It's funny, on a single occurrence basis, the most dominant student in any class discussion I ever had was my daughter, who was a teenager, 14 or so. She came to class with me, and she's never been shy about expressing her opinion. Plus, when she was even younger than that, she used to come to parties with my fellow grad students and hold court, often about her specialty at the time, slasher movies. So, to quote Bernie Mac, she wasn't scared of us motherfuckers. You know how some class discussion go poorly because the teacher ends up doing half the talking? A student makes a comment, everyone waits for the teacher's response, then someone else talks and waits for the teacher? Well, this happened when my daughter came to class. We were discussing Thelma and Louise, and she had seen it like a billion times ... it was one of those we had on VHS and the kids watched it over and over. The first student offered an opinion, and out of the corner of my eye, I see someone waving their hand to talk. It was my daughter. No one else had their hand up, so I called on her. She proceeded to dispute the student's take. Another student spoke up, and once again, she replied. It was like those teacher-student-teacher-student discussions, except she was the teacher. My class was suitably impressed at her confidence.

Now I'm remembering a similar example. This was a big lecture class, 100+ students. I had seen Flossie Lewis before class, and told her if she got a chance, she should stop by. So the class was moving along ... this was more lecture than discussion ... and Flossie shows up. I don't know if you knew Flossie, but she was very tiny, and she was also the only grad student in the English department who was older than me. She took a seat at the front of the class ... and by front, I mean she sat right next to where I was standing. I briefly introduced her, and went back to my lecture. I didn't get more than two sentences out before Flossie interrupted to take issue with whatever I was saying. She was an instant hit with the class!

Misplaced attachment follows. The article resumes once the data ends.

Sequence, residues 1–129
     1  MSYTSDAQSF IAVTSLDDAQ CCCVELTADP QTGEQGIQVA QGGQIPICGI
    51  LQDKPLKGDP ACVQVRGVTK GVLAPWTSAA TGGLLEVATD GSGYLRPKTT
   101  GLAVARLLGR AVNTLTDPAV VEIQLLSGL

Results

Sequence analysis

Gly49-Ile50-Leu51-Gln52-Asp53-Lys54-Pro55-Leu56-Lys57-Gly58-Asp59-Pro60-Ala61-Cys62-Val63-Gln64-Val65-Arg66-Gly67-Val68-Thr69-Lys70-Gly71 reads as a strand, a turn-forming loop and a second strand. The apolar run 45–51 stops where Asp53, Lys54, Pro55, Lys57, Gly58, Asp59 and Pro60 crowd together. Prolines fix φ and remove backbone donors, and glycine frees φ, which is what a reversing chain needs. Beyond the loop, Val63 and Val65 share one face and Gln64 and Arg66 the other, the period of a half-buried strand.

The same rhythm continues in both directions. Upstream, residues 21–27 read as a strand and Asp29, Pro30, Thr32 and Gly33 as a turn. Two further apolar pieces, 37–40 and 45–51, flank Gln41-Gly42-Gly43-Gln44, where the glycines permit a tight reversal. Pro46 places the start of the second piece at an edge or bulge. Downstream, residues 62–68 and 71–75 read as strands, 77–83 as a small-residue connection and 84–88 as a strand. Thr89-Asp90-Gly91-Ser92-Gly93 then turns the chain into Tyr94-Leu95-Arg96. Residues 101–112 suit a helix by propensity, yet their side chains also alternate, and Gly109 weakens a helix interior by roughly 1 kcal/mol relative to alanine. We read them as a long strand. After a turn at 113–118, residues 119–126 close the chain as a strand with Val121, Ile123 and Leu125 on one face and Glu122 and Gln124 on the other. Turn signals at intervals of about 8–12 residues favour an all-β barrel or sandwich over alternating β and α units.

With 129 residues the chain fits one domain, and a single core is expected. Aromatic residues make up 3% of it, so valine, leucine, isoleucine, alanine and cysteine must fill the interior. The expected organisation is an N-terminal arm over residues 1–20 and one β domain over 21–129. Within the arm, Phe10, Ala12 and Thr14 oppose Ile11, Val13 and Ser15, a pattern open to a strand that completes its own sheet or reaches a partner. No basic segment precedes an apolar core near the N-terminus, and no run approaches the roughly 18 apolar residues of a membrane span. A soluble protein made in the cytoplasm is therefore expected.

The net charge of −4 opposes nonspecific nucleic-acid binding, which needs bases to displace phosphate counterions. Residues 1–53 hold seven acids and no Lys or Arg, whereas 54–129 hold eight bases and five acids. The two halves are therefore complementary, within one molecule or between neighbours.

She was raised well!

Your Sister

I love this story, and I don't recall ever hearing it before. I've sometimes been accused (ok, one term in one class on probably one student evaluation) that I treated the men in the class differently than I treated the women. As a result, I am not sure I would conduct this experience, but heck, I'm getting close to retirement, so maybe I would if doing so was relevant to the topic. (BTW, an examination of the final grades in that class didn't reveal any bias!)

Steven Rubio

I think my main grading bias was called inflation :-).

Verify your Comment

Previewing your Comment

This is only a preview. Your comment has not yet been posted.

Your comment could not be posted. Error type:
Your comment has been posted. Post another comment

The letters and numbers you entered did not match the image. Please try again.

As a final step before posting your comment, enter the letters and numbers you see in the image below. This prevents automated programs from posting comments.

Having trouble reading this image? View an alternate.


Post a comment

Your Information

(Name is required. Email address will not be displayed with the comment.)